When we first meet the protagonist, he is in an awful situation. He is broke, hungry, and the woman he loves is about to die. He is also far from home. "King of the Bingo Game" is focused on this single individual who is trying to win a bingo jackpot.
Through the lens of this man, Ellison is able to make a broader point about race, particularly because this protagonist lacks a name. Without a name, he could be almost any of the millions of African-Americans who traveled north during what is known as the "Great Migration" out of the South. While it's true that Ellison is telling us one story about one individual, we can safely think about the ways this individual might represent a broader collective. Our protagonist could be any African-American man. (Whenever you're dealing with a nameless character, it's usually a safe guess to think along these "broader implication" lines.)
You might have noticed that the story does not talk about race in an overt way. Instead, white dominance in society is subtly understood through dreams, metaphors, and occasional comments from the protagonist. Check out the story's nightmare sequence, in which the protagonist runs away from a train only to find it directly behind him and "all the white people laughing as he ran screaming" (9). Specific incidents of the cruelty he has experienced as a black man do not need to be articulated; we know enough American history to extrapolate what the vaguely alluded to "suffering" might mean for the protagonist.
OK, back to our individual. We don't know his full history, so we don't actually know how much his (or Laura's) misfortunes can be attributed to race. It's established beyond any doubt, however, that he is an unfortunate individual who has suffered, and – more importantly – that the bingo game represents a means of escaping his situation.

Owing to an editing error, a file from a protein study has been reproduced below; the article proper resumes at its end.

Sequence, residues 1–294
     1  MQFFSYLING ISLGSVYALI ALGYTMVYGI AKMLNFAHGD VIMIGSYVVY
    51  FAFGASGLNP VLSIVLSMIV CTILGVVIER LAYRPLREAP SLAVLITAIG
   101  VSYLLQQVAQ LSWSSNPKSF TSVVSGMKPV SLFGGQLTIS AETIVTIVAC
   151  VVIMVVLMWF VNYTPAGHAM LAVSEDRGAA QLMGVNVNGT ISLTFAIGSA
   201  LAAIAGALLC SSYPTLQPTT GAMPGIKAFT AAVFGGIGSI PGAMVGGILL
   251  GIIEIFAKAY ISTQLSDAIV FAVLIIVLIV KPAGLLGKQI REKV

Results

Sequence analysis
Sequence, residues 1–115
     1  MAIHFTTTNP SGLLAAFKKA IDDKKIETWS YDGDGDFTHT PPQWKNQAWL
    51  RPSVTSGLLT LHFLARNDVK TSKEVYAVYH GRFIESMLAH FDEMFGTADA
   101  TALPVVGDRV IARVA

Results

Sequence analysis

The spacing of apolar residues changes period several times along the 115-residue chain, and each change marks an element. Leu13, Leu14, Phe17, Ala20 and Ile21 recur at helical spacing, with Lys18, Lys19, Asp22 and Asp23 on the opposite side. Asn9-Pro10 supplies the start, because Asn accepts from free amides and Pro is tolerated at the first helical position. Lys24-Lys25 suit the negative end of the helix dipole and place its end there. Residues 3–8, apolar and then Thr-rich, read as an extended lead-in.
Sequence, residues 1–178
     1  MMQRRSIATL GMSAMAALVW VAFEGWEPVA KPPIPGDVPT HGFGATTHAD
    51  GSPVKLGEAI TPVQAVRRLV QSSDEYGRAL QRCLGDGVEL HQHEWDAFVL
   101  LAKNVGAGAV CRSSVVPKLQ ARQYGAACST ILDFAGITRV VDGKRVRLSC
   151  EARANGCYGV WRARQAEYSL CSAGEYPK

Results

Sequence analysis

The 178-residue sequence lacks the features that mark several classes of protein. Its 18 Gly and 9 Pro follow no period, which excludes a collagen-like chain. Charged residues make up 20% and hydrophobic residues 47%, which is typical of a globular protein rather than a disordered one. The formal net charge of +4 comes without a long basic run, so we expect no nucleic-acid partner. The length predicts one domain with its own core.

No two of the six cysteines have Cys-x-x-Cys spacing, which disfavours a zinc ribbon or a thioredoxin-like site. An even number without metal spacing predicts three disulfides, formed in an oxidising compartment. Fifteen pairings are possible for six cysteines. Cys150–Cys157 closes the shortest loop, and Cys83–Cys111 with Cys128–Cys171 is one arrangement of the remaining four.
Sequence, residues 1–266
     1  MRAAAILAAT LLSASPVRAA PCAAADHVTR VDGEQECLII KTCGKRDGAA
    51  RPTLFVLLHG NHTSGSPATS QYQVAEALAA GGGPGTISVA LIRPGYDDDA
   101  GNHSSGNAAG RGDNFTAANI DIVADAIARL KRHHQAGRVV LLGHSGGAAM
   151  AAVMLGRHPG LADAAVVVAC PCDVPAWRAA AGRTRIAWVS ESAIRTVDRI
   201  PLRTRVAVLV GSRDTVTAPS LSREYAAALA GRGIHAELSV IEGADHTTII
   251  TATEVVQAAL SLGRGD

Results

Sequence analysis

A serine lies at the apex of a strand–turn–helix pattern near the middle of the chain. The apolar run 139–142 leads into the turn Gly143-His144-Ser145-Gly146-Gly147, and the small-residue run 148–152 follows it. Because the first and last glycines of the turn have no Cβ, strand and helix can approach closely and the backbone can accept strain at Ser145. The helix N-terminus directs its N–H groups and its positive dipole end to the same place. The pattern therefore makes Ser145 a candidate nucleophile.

Check this out: "He felt a profound sense of promise, as though he were about to be repaid for all the things he'd suffered all his life. Trembling, he pressed the button" (42). If we connect his suffering to his race, we can understand the bingo game as means for the protagonist to transcend, overcome, and rise above his awful situation. He discards his old name – a name originally bestowed upon his grandfather from a white slave owner – and becomes instead a king, the "King of the Bingo Game."
Our protagonist experiences only short-lived hope, however. Policemen rapidly wrestle the button away from him and beat him over the head. Despite being a king, the king of the game, the protagonist is still subject to the unfair world and system in which he lives. The wheel lands on the supposedly winning "double zero," but that's unfortunately exactly the amount of money he is going to get. He certainly won't have enough money to pay Laura's medical bills.
By the end of the story, the protagonist is in an even worse position than where he started. This ending leaves us with a sense of frustration and a nagging lack of resolution.